More mainstream video game publishers are hopping onto Boxer8’s bandwagon. Last week Square-Enix committed support for the Google Android video game console Ouya, announcing a port of Final Fantasy III for the system’s 2013 release. Now Namco Bandai is looking to bring its games to the system.
Namco Bandai said on its Facebook page on Wednesday that it’s in talks with the Ouya team. What games Namco brings to the device is up to its fans. “Post up right here and let us know! Sky is the limit and the power is in your post. It could be any of our games, we just need to know what the COMMUNITY wants!”
Namco’s apparent desperation to be loved notwithstanding, it’s a sound way to gauge interest in the platform. As of this writing, the Kickstarter campaign for Ouya has just hours to go before it completes its record-breaking round of fundraising. It set out to raise $950,000 for the Android console’s development but has so far raised nearly 9 times that amound, with the total nearing $8.2 million. With that kind of community clout going around, publishers are wise to keep a steady eye on just what people want for the machine. They are after all voting with their dollars.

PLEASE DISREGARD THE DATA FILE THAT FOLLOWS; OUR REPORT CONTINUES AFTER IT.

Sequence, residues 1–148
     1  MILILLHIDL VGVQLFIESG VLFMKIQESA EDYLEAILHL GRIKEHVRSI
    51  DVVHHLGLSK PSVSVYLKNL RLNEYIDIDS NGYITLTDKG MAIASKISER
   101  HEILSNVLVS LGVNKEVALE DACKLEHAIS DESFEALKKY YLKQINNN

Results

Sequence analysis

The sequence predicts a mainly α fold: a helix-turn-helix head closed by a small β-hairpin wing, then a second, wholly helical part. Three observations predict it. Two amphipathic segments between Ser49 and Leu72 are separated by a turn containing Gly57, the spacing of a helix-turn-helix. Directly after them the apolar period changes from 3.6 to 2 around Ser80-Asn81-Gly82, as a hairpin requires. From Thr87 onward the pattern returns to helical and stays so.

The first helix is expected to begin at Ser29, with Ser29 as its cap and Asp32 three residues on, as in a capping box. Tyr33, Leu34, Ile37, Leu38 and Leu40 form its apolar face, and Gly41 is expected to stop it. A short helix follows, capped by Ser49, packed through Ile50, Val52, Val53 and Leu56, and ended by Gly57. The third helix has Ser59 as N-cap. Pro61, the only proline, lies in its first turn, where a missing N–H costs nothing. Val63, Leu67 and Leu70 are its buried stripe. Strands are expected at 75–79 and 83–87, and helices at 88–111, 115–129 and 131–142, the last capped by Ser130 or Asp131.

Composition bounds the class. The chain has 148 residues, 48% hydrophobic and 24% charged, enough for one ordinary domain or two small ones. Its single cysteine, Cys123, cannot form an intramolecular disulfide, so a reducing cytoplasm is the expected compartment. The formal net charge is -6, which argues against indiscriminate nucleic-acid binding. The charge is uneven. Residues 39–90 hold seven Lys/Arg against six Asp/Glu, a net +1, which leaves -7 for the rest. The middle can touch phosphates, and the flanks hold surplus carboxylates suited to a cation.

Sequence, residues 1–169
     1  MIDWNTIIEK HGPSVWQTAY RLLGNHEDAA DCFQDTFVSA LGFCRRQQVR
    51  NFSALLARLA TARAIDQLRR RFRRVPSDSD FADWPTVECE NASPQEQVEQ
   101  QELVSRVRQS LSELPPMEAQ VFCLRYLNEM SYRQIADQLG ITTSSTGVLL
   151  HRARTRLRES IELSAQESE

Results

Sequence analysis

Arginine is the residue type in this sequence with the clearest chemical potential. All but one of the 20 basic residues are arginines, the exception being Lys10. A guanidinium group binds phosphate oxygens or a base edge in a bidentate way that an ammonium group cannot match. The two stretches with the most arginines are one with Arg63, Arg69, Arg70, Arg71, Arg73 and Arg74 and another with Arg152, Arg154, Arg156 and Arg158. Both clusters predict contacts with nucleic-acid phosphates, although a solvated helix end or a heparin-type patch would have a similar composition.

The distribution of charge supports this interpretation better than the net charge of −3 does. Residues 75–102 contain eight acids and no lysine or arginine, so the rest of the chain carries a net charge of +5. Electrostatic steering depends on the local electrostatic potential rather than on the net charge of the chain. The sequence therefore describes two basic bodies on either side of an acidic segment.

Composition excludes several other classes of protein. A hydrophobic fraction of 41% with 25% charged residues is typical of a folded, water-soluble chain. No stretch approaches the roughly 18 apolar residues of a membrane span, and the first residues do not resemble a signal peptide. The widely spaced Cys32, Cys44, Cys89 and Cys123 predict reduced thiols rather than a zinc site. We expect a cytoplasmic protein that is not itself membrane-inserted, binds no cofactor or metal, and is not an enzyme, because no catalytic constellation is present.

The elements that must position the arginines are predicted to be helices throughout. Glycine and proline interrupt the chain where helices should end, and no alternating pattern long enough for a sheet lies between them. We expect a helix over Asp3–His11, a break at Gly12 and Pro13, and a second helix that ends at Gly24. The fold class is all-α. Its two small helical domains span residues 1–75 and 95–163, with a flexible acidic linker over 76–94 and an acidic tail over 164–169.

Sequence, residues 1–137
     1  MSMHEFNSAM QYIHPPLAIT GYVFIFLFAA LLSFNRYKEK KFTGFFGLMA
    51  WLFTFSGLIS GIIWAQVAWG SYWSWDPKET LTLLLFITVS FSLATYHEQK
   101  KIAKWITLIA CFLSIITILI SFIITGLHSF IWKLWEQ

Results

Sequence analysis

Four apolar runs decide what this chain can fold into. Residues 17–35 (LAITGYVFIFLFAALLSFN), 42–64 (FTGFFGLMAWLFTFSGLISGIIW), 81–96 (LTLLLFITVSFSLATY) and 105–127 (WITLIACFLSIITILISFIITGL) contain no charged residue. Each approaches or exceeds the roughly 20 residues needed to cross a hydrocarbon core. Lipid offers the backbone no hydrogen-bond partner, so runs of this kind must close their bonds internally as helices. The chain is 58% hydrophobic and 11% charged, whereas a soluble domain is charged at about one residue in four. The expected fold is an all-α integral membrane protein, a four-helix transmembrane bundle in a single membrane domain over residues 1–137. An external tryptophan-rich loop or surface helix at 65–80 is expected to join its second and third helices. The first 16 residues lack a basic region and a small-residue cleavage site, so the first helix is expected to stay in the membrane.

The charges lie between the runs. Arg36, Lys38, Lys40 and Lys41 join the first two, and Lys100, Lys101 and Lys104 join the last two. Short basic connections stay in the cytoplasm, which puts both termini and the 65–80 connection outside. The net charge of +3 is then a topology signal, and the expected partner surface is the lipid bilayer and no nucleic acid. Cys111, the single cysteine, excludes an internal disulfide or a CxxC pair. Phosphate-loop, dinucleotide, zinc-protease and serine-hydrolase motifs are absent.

So what are people calling for Namco Bandai to release on Ouya? Most of the company’s contemporary franchises—There are numerous requests for Soul Calibur, the Tales RPGs, Tekken X Street Fighter, Dragon Ball Z, Naruto, Ridge Racer and even some requests for Ace Combat.
There are not, however, many requests for original content.
Therein lies the appeal of Ouya for many of the larger publishers. iOS and Android have given Japanese publishers struggling on home consoles an outlet for projects that are cheaper to develop and distribute. Square-Enix continues to struggle financially due to declines in its console business, but it’s doing quite well porting classic titles like Final Fantasy Tactics to mobile platforms. Ouya will allow these publishers to re-approach the living room from the same low-risk vantage, converting classic titles cheaply and selling them at a low cost for significant profits.
Namco, Square, and their contemporaries will run out of catalog titles at some point though. Will Ouya prove popular enough with consumers to warrant the development of original titles? Will it have enough horse power that these publishers can simultaneously develop titles for it and Nintendo’s Wii U, avoiding the high costs likely to attend development on Microsoft and Sony’s new high end consoles? 2013 will answer these questions.
Someone also asked Namco to release Klonoa 3 on Ouya.
It was me. I did that.